Canadian Underwriter

Auto insurance among FSCO priorities

May 7, 2002   by Canadian Underwriter

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With the recent release of a discussion paper on its 2002 priorities, the Financial Services Commission of Ontario (FSCO) has put auto insurance on the agenda. But what exactly that auto reform will look like is still unclear.
Although auto insurance is listed among the top five of FSCO’s priorities (along with harmonized national regulations, risk-based pension supervision, market conduct and e-business development), no indication is given as to what specific changes the provincial regulator will make to address the financial woes of the Ontario auto market.
Last year FSCO introduced a new rate filing system that has not been well received by many insurers. In the August 2001 edition of Canadian Underwriter, Kingsway Financial Services CEO Bill Star writes, “the rate filing process has not been made easier. It has become an even more cumbersome and expensive system that Ontario insurers must deal with”.
Nonetheless, FSCO says that reducing regulatory inefficiency will be among its goals for the year ahead. Other changes in this direction are already underway, including amendments to the Insurance Act which will establish the role of the appointed actuary and the development of new investment portfolio guidelines for insurers.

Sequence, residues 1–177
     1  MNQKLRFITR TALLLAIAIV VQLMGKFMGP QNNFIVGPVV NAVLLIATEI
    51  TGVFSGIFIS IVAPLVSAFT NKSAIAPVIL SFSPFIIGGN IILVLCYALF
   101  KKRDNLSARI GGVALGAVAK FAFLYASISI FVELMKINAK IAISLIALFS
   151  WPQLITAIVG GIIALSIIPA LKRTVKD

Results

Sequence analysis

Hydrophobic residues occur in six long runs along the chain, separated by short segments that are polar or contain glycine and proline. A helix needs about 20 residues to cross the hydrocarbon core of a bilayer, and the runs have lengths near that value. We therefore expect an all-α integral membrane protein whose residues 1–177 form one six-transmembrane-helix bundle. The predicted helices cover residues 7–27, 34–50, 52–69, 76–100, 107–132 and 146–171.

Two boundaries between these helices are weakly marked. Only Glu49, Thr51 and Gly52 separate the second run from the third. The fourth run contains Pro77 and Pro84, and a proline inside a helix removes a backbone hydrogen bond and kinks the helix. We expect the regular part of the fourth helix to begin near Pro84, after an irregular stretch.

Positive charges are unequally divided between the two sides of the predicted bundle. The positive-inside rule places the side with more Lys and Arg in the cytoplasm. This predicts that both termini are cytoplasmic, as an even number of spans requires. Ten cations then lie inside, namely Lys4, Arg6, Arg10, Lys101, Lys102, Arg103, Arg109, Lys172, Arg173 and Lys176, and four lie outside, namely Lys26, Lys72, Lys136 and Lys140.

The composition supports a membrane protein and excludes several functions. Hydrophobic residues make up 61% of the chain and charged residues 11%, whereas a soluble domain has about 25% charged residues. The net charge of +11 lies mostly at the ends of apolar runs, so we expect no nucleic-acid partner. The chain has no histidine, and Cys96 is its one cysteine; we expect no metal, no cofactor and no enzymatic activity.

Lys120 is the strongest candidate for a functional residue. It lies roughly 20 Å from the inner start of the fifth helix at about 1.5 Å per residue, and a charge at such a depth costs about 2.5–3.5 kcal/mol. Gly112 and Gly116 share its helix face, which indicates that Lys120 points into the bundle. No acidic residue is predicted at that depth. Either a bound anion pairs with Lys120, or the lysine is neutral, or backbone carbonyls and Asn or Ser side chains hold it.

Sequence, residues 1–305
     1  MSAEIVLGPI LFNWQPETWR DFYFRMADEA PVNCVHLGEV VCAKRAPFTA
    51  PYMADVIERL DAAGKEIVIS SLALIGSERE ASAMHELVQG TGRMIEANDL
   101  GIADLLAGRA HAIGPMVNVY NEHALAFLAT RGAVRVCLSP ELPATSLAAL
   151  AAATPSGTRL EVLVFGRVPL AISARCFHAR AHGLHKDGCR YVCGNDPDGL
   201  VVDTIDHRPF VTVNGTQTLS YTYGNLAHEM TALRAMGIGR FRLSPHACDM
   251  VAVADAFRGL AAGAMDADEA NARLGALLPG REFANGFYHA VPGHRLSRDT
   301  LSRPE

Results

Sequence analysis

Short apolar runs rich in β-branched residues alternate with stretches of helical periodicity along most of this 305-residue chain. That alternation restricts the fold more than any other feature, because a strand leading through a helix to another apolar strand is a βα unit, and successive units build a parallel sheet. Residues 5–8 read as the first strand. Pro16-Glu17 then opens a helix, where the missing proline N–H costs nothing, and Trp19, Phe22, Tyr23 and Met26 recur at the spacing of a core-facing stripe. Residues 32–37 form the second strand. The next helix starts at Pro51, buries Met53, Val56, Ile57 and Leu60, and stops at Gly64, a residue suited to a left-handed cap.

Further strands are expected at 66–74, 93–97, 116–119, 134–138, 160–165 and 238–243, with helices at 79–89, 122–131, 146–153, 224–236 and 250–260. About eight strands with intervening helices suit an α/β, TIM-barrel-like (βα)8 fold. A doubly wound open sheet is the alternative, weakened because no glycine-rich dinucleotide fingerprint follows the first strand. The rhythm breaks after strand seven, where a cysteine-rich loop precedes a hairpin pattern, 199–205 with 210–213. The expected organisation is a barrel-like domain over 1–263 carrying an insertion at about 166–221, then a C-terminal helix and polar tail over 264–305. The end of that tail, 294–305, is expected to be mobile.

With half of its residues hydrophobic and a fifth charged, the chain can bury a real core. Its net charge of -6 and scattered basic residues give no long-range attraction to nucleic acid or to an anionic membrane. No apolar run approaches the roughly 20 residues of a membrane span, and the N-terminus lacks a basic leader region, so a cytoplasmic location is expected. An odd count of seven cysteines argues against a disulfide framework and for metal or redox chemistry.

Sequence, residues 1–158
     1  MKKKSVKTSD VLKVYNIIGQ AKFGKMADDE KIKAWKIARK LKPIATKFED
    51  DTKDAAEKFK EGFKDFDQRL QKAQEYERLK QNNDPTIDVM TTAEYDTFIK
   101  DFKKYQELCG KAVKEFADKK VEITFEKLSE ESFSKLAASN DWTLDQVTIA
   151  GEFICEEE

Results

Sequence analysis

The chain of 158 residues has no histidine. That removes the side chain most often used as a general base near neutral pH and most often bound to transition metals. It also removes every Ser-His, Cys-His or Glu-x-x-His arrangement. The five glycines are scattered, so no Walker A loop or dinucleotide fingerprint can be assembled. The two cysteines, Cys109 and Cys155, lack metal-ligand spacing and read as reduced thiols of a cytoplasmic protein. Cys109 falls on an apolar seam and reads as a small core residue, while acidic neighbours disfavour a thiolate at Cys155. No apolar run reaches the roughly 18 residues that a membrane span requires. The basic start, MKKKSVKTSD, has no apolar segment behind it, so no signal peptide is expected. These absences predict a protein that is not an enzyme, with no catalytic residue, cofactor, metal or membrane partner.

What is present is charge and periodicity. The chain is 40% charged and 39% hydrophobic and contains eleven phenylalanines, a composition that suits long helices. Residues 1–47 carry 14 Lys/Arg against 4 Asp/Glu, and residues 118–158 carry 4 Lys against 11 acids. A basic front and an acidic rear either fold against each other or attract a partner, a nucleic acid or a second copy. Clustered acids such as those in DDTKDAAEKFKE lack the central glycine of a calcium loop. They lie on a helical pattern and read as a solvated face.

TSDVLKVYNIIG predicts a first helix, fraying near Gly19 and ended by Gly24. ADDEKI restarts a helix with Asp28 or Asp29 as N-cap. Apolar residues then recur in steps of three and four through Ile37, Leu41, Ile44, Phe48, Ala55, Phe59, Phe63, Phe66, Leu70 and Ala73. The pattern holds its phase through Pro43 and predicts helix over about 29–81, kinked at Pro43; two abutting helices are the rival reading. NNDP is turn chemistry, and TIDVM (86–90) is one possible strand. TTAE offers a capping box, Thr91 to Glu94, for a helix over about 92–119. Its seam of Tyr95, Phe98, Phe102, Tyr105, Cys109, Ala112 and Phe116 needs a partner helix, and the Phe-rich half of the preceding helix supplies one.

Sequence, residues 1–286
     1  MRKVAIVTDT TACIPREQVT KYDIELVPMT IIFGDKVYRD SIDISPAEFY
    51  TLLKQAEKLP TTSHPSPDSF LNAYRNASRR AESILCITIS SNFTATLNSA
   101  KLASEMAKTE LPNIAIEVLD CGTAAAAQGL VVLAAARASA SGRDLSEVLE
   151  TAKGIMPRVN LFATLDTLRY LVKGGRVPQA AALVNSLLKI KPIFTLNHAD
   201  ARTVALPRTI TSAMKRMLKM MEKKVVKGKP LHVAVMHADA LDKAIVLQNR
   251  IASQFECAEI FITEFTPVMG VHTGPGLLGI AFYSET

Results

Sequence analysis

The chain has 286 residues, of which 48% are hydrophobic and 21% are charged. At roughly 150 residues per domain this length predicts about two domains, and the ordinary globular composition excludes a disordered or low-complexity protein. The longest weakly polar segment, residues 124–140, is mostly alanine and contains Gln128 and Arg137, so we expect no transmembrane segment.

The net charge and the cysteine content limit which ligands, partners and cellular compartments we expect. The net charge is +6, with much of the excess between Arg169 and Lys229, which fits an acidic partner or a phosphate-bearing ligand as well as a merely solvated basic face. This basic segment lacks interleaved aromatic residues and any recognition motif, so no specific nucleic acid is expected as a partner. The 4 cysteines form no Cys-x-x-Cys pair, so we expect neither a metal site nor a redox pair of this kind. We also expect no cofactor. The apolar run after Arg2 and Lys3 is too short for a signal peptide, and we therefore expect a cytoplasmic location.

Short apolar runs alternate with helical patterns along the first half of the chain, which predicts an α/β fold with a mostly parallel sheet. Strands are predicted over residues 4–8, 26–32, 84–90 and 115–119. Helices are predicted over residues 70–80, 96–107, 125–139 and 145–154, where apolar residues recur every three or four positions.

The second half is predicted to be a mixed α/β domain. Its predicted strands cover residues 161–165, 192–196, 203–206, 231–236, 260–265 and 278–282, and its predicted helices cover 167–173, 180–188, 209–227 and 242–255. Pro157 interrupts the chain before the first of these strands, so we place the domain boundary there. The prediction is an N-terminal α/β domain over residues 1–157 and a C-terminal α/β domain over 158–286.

Another plan impacting p&c insurers is the development of a “market conduct self-assessment” questionnaire for use in future audits.
FSCO also intends to set up an electronic filing system for auto rate applications, underwriting rules, rate manuals and forms.
Of interest, FSCO expects an increase in activity for its “dispute resolution group” in the year ahead, with revenue to support this coming from insurers, as well as life agent licence fees.
Life insurers will also face the introduction of viatical settlements, whereby life insurance policies are sold by the terminally to another party who then cashes in the policy upon the insured’s death. The viatical industry in the U.S., and its proposed introduction in Ontario, have drawn heavy fire from the media and those involved in law enforcement and fraud control. Nonetheless, FSCO intends to implement a regulatory regime for viaticals when the Tory government proclaims legislation to lift the long-time ban on such settlements.
There is little mention in FSCO’s priorities of the impeding merger with the Ontario Securities Commission (OSC) and what impact the merger will have on FSCO’s goals or operations.
The draft statement of priorities is open for commentary until May 27, and a final version will be delivered to the Minister of Finance by June 30, notes FSCO superintendent Philip Howell in an accompanying letter to the draft.

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